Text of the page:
Thursday, October 6, 2011

"The Psychopath Test" Chapter 4

In this reading, Jon Ronson meets with Bob Hare and discusses about his studies on psychopaths which is “The Psychopath Test”. Bob Hare is an influential psychiatrist who did many findings of the psychopath brain anatomy. To determine how different the brain anatomy from psychopaths and non-psychopaths, Hare performed two different studies. One of the studies being that the psychopath and the non-psychopaths were strapped by an EEG that gave the patients a painful electric shock. As a result, the psychopaths did not have any emotion or even break any sweat. In the test, the amygdala that is part of the brain should have encountered the unpleasantness of the electric shock and sent the signals of fear to the central nervous system to create a reaction, but it did not for the psychopaths. Due to this, Hare came to the conclusion that psychopaths had a different brain structure than regular brains, and they had no memory of the pain. Another study that Hare had done was the Startle Reflex Test. In this test, psychopaths and non-psychopaths looked at visuals of grotesque images of crime scenes, such as someone's face being blown apart. As a result, the psychopaths were not disturbed or horrified by the pictures. If anything, the psychopaths were more fascinated by the obscure pictures. From this, he created the twenty-point Hare PCL-R Checklist that determined if someone was a psychopath and at what item they were at, such as item 1, item 2, and so on. Corresponding with the item is the behavior that goes along in describing the psychopath. Ronson came to learn more about “The Psychopath Test” from attending Hare's three-day residential course where a group of psychologists, prison officers, and budding criminal profilers would also attend. At the beginning of the course, Ronson and the other members were a bit skeptical on Hare's checklist. As the course went on and Ronson provided many videos that included psychopaths who were convicted of any felony. Along with the videos, Hare's checklist had correlated with the psychopath's behavior. Towards the end of the seminar, Ronson was enlightened by Hare's theories and findings. From the seminar, Ronson believes that Hare was correct and now he himself feels like he has the great ability to spot psychopaths and that he now has a long journey ahead of him.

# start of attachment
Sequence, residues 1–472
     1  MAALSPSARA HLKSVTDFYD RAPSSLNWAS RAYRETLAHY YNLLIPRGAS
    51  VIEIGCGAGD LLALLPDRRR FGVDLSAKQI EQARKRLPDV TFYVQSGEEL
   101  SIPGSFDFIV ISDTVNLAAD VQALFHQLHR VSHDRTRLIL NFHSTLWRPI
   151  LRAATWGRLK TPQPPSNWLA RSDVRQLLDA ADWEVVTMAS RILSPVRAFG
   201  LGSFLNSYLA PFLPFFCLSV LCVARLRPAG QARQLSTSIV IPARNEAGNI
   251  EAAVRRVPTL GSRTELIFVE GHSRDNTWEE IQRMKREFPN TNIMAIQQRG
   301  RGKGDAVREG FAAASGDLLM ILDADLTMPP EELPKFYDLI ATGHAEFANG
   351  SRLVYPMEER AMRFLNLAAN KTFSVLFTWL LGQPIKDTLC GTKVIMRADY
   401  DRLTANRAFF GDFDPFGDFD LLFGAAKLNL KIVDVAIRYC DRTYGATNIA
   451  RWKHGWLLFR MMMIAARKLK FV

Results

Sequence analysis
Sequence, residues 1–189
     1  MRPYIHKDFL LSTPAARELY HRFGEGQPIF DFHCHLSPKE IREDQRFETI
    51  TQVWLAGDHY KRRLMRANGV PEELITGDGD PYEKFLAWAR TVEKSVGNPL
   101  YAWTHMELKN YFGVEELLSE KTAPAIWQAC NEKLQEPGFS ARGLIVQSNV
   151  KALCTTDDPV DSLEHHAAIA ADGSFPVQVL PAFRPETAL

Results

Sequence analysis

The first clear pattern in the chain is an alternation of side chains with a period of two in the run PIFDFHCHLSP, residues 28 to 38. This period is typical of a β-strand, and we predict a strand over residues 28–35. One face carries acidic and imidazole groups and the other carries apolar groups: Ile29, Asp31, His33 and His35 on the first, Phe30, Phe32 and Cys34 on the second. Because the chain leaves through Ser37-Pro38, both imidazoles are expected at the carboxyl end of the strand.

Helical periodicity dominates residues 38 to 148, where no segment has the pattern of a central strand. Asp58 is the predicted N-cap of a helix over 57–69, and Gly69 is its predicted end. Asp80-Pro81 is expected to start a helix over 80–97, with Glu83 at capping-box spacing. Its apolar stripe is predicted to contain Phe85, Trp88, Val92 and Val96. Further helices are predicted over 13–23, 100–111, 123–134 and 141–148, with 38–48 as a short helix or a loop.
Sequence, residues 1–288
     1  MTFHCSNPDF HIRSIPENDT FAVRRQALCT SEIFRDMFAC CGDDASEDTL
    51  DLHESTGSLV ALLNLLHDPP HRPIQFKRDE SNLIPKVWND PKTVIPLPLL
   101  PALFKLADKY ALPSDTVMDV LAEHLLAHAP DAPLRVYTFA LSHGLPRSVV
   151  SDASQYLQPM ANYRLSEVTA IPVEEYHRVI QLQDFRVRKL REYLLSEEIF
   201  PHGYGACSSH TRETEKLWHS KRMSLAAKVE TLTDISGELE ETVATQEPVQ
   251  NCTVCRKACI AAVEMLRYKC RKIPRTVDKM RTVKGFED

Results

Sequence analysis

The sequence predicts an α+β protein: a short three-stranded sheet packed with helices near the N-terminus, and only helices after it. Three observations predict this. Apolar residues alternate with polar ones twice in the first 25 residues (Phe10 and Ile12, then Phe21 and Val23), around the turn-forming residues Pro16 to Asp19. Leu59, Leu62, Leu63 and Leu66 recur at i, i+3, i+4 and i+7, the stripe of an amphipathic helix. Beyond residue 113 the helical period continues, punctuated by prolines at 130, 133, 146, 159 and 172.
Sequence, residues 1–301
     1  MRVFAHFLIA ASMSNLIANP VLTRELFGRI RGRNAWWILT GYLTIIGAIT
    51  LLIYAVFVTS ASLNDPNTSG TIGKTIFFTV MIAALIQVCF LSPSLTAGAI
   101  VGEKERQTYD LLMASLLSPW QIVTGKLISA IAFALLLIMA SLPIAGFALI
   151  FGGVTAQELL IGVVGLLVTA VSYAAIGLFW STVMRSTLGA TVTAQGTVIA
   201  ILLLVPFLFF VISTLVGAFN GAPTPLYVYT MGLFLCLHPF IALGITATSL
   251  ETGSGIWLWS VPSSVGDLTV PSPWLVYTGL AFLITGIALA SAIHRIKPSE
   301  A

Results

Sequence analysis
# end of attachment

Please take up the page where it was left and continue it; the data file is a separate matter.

Based on the reading, I feel that the twenty-point Hare PCL-R Checklist is not very effective because some people can inhibit one of the behaviors, but they are not necessarily considered psychopaths. Some of the things on the checklist are such as Item 15, which is irresponsibility. I feel that sometimes I am irresponsible, but that does not make me a psychopath. Although I feel that the psychopath checklist is not very effective, I thought that the reading was really interesting, and I liked how in depth each of the cases on the psychopaths were told. 

Wednesday, September 21, 2011

Psychopaths Dream in Black and White

In this chapter, Jon Ronson provides us with detailed work done by Elliott Barker to help the psychopathic patients to become normal, sane people.  Elliott follows the nude psychotherapy sessions that was first performed by a psychotherapist named Paul Bindrim. The nude psychotherapy sessions require the patients to be unclothed in front of another sitting in a circle and staring at one another's body parts for hours. The sessions were also followed by the patients pouring out their feelings and innermost thoughts.  These sessions took place at Oak Ridge.  After a while, the sessions were thought to have been helping the patients to recover from their psychopathic state of mind, so Elliott brought down the work to a young psychiatrist named Gary Maier.  This chapter also discusses that the sessions were actually not helping out the patients, if anything it was turning the sane people into psychopathic people.  This manic mindset had occurred in a psychiatrist named R.D. Laing who tried to help out mentally ill people but being exposed to all the madness around him had turned himself to become insane. Ronson shows the downfall of the nude sessions by adding that when the psychopaths, who were thought to be cured, were let out into the world had exposed themselves to their old, insane, and psychopathic ways.  The mentally ill people were then brought back to the ward because of the session had not worked. Basically, this chapter shows that the psychopaths were the ones who were not being cured, instead, these psychopathic people were being exposed to sane people and turning the sane people insane.

In reading this chapter, I thought that the practices were a bit awkward in being that nudity would somehow cure the psychopaths' madness and help them to become sane.  I also thought that it was strange how instead of helping the mentally ill, the psychiatrists themselves were turning insane, so there was no point even trying to help the insane when the normal people could not even keep themselves from changing their mindset.  Although this reading was a bit humorous in its awkward ways of nude psychotherapy sessions to cure psycho people, it was interesting to learn this new different way of how the psychiatrists tried help the mentally ill.

Thursday, September 15, 2011